1. Learn the Facts

-It is likely that you know a child who has been or is being abused.
-It is also likely that you know an abuser. The greatest risk to children doesn’t come from strangers but from friends and family.
-70% of all reported sexual assaults that occur are children under the age of 17.
-Most child victims never report the abuse.

2. Minimize Opportunity

-Eliminate or reduce any 1 adult/1 child situations.
-Teach boundaries.
-Monitor internet use & keep the computer in the family room.

3. Talk About It

-Children often keep abuse a secret, but barriers can be broken down by talking openly about it.
-Understand why children are afraid to “tell.”
-Know how children communicate.
-Talk to other adults about child sexual abuse.

4. Stay Alert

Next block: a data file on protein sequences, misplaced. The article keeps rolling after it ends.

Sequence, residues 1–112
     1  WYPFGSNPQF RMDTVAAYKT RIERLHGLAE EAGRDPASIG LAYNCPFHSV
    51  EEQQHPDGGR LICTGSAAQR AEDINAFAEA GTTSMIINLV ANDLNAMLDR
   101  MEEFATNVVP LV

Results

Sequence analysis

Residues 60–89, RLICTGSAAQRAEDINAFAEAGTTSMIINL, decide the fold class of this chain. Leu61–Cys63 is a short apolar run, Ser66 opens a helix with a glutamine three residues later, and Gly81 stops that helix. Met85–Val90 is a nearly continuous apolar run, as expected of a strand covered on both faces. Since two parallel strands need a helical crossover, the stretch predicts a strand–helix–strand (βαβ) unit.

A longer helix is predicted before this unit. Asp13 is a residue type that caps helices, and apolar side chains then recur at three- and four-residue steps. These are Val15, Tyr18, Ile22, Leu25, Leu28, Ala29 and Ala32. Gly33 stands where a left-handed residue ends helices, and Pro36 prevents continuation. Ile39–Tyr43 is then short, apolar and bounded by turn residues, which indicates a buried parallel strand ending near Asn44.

-Watch for physical and emotional signs (listed above).
-Behavioral or emotional signals are more common than physical signs.
-Be aware that in some children there are no signs ever.

5. Make a Plan

-Don’t overreact.
-Report incident.

6. Act on Suspicions

-Trust your instincts – very few reported incidents are false.
-Call the Children’s Advocacy Center in your area if you have questions or concerns about making a report.
-Call Law Enforcement or the Department of Child & Family Services to make a report of child abuse.

7. Get Involved

-Volunteer or financially support organizations that address child sexual abuse.
-Call or write your Congressman.
-Support legislation.

For more information on the "7 Steps to Protecting Our Children", visit: www.d2l.org

To schedule a staff training or continuing education session, please contact our education Director:

Val Senegal,MA  val.senegal@theheartsofhope.org